Sunday, August 11, 2019; approximately 3:18 pm EST. This is the date and time of the following series of events.
A beautiful Sunday afternoon marks a definitive ‘yes’ to taking our mini golden-doodle Charlie (a.k.a Chuck, Chuckberry, Chuck-a-roni, Chuck Chuckerston, Charles, Charlie Bear, Puppy Baby) for a walk. Armed with poop bags (for Charlie, not me) and sunglasses (for me, not Charlie), we head out and in tow came my iPod…to listen to Humans 2.0 with Mark Metry and guest Naveen Jain (of Moonshot and Viome).
Every step becomes more and more obsolete as I melted into the discussion, the tangents, the passion of the podcast called ‘Disrupting Our World For A Better Tomorrow.’ Sometimes soap boxy, sometimes preachy, always inspirational, Naveen’s words resonated with me. The same passion for making a difference in people’s lives. The same obsession for doing what you love for one intention only – loving what you are doing with your whole being because it is what you were born to do.
47 minutes into the podcast is the pivotal moment – the core of why some people become successful is because of their ability to ask the right question.
This is my mind-blowing moment. By simply changing the question you ask, you change the possibility of the solutions. You change not just what you are looking at, also how and why, when, and where. Now while I knew this to be critically true when I led a Learning and Development department and needed to uncover the depths of why training was being requested…it’s placement at this time and place allowed me to look at something I’ve been working on for a while, in an entirely different light.
WHY DO WORKPLACES NEED MANAGERS?
You see, up to this point I have been working on sharing everything I have learned and experienced in leadership, and management, through the lens and importance of emotional intelligence development. All of my efforts were toward developing managers’ emotional intelligence so that they lead people better, make a greater impact on workplace innovation, harness the power of each individuals’ potential, and behave 100% consistently as their authentic selves. I thought to myself “Self…you need to share this breakthrough with someone. Who’s going to get with you on this exploration?” Immediately I messaged Mike Vacanti, Founder HumansFirst Club (and more). This is a snapshot of that message via LinkedIn.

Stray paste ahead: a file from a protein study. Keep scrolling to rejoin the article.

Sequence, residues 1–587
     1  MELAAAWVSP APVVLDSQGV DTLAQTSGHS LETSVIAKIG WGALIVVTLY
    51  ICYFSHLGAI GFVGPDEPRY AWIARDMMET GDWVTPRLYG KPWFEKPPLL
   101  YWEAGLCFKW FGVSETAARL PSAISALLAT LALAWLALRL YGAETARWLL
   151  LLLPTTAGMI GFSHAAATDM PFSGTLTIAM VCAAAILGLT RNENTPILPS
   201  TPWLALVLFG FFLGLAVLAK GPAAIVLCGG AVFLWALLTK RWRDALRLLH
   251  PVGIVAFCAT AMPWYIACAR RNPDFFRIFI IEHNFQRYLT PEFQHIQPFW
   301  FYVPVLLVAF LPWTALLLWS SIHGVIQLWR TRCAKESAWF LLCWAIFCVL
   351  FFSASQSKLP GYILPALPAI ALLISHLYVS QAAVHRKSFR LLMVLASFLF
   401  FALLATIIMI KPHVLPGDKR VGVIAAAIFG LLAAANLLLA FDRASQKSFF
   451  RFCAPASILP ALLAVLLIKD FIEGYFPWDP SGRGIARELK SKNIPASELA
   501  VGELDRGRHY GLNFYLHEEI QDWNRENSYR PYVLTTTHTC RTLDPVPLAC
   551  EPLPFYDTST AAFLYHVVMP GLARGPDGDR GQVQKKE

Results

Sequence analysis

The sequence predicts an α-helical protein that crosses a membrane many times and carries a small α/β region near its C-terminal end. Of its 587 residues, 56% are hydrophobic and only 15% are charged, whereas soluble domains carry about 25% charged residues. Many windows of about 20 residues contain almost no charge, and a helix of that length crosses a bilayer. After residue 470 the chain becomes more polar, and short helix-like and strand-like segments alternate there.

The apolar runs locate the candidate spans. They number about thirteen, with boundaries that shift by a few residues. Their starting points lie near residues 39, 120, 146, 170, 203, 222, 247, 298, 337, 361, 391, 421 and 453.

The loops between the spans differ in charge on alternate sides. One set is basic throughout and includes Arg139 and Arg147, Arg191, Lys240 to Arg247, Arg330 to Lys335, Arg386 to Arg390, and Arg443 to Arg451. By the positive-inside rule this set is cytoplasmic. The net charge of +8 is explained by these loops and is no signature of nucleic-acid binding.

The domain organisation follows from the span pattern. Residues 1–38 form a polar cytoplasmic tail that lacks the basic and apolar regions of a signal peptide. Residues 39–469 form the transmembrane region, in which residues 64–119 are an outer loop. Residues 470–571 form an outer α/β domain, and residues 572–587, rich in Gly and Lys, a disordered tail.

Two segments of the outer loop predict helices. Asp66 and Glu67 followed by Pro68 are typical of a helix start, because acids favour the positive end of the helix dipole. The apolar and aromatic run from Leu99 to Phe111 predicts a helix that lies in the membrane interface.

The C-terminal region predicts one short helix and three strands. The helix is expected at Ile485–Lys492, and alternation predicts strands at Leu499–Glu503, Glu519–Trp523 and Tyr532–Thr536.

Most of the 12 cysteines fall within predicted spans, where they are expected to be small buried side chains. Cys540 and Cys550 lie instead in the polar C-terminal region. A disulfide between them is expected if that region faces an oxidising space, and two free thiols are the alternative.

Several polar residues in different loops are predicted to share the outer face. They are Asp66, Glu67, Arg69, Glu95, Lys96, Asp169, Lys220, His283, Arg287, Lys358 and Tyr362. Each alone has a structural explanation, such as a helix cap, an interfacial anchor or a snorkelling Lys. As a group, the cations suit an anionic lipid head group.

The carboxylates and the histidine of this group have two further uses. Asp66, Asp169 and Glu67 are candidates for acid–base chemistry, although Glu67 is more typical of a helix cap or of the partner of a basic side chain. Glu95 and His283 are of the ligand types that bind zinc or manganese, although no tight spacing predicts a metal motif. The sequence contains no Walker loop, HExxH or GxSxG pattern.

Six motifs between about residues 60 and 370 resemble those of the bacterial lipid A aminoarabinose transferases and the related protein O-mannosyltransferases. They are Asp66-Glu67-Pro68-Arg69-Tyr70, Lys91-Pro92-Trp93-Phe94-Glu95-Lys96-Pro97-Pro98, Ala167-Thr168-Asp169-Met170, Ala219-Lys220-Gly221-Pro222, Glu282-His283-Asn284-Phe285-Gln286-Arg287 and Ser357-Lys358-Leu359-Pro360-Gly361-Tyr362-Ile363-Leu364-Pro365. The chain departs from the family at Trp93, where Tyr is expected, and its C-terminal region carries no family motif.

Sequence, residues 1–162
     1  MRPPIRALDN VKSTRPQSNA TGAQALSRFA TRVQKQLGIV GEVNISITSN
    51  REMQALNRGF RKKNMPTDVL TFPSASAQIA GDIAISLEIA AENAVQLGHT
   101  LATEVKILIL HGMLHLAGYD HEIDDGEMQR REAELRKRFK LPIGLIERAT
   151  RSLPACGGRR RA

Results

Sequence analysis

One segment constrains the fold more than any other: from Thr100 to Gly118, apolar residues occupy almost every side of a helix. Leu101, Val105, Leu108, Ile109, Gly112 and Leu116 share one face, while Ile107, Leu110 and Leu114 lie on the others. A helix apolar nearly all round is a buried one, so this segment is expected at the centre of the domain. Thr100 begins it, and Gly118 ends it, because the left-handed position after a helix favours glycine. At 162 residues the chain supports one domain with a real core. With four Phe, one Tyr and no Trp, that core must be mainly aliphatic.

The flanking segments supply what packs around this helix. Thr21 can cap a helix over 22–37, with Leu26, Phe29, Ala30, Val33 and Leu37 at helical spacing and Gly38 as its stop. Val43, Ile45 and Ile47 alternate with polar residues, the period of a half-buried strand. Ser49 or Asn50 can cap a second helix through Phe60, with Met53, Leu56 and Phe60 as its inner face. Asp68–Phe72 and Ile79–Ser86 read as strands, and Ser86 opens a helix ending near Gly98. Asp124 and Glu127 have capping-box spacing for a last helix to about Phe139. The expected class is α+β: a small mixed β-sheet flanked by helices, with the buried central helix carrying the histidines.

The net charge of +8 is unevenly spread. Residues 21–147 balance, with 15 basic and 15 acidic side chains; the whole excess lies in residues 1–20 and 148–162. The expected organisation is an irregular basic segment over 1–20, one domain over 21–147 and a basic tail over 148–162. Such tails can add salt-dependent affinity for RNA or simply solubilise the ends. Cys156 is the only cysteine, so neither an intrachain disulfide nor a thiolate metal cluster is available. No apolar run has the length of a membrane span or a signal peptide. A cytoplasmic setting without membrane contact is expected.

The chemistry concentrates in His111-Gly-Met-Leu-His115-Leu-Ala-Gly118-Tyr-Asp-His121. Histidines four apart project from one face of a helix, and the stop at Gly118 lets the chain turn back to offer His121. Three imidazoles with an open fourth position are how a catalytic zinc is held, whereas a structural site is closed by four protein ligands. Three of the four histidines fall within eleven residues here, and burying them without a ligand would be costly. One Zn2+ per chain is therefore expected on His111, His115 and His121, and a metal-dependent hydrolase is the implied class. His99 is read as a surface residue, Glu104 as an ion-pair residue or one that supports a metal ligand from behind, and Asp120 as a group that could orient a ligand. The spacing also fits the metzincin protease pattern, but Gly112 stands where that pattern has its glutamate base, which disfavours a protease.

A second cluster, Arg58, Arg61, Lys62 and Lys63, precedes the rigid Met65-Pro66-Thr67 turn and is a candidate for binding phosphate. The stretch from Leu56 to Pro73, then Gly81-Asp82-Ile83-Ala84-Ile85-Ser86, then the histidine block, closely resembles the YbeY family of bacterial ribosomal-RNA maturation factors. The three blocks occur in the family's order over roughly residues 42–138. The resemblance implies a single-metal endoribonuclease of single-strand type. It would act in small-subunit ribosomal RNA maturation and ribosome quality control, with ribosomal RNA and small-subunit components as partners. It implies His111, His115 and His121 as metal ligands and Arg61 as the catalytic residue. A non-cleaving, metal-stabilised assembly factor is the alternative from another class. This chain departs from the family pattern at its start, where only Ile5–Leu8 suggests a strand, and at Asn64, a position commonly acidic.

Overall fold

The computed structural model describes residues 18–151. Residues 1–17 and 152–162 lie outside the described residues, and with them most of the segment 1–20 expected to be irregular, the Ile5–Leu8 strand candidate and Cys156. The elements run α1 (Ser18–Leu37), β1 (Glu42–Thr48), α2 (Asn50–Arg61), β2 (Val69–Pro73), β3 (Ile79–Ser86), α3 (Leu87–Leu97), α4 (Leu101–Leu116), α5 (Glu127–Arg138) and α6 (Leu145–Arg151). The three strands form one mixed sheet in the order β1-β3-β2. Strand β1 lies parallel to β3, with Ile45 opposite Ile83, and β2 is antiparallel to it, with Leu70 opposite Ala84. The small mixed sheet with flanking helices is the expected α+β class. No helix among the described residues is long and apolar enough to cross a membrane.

Light discussion?!? Indeed it was going to get real deep, real fast. And I was pumped. Within 36 hours, we were off and running. Discussing this topic like champs. Being open and curious, asking a bunch of questions, exploring the possibilities, telling our stories, countering one thought with another one. Here are some paraphrased exchanges during that conversation…
Me: “Hey!!! I am so excited to speak with you and pick your brain; this is going to be too awesome!!!” (insert squeaky eeeeeeek sound)
Mike: “We know how business works.”
Me: “I’m not sure we know how business works. We know how it’s structured, however, it’s not really working is it?”
Mike: “I’ve been thinking about this question “Why do companies need leaders?” and my brain has been fired up since you sent it to me Sunday. I think when we dissect it, and I just came up with this term which I think I’m going to add to my book, we see that PRESCRIPTIVE AUTHORITY is why a manager exists – it’s control, and that is what isn’t working. If you remove this, allowing the real potential of each individual to expand, then likely, everything can be done better without a manager.”
Me: “That’s brilliant! Can I get a footnote in your book?”
p.s. This is now officially recorded.
Me: “What if we were to onboard people in an entirely different way. What if onboarding into a workplace was all about the individuals’ growth toward their capacity, to reach their optimum, to develop their EQ so that needing a manager, needing a leader, a formally appointed one, was no longer necessary? What if we were to really dig into the principles of AGILE: self-organizing, self-orienting, self-discipline/accountability? Could you imagine an onboarding program that did that for each person?”
Mike: “That’s blowing my mind.”
p.s.s This response is completely paraphrased because I do not recall the exact words that came from Mike…I just remember his face. It looked like I just blew his mind.
That evening, on our way to dinner, I proceeded to retell this conversation with Mike, to my husband. Our exchange is fast and furious. We are both extremely excited. And then my husband directs me towards Gore-Tex, letting me know that this company and the man who established it, has a workplace model that is similar to what we’re talking about. “You should definitely check it out.”